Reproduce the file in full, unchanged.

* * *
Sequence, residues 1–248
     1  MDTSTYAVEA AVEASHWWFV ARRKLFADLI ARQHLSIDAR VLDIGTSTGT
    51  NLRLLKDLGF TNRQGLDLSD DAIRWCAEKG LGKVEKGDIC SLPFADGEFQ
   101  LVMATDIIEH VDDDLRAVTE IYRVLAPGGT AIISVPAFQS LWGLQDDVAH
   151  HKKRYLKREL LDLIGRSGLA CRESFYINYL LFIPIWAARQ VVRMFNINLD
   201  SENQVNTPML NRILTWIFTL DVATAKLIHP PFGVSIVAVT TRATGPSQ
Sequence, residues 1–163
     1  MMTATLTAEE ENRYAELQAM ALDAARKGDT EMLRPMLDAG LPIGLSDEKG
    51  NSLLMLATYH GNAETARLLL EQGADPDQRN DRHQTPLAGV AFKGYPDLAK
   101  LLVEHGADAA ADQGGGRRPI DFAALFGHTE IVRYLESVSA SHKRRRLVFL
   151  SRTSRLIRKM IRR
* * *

Sequence, residues 1–248
     1  MDTSTYAVEA AVEASHWWFV ARRKLFADLI ARQHLSIDAR VLDIGTSTGT
    51  NLRLLKDLGF TNRQGLDLSD DAIRWCAEKG LGKVEKGDIC SLPFADGEFQ
   101  LVMATDIIEH VDDDLRAVTE IYRVLAPGGT AIISVPAFQS LWGLQDDVAH
   151  HKKRYLKREL LDLIGRSGLA CRESFYINYL LFIPIWAARQ VVRMFNINLD
   201  SENQVNTPML NRILTWIFTL DVATAKLIHP PFGVSIVAVT TRATGPSQ
Sequence, residues 1–163
     1  MMTATLTAEE ENRYAELQAM ALDAARKGDT EMLRPMLDAG LPIGLSDEKG
    51  NSLLMLATYH GNAETARLLL EQGADPDQRN DRHQTPLAGV AFKGYPDLAK
   101  LLVEHGADAA ADQGGGRRPI DFAALFGHTE IVRYLESVSA SHKRRRLVFL
   151  SRTSRLIRKM IRR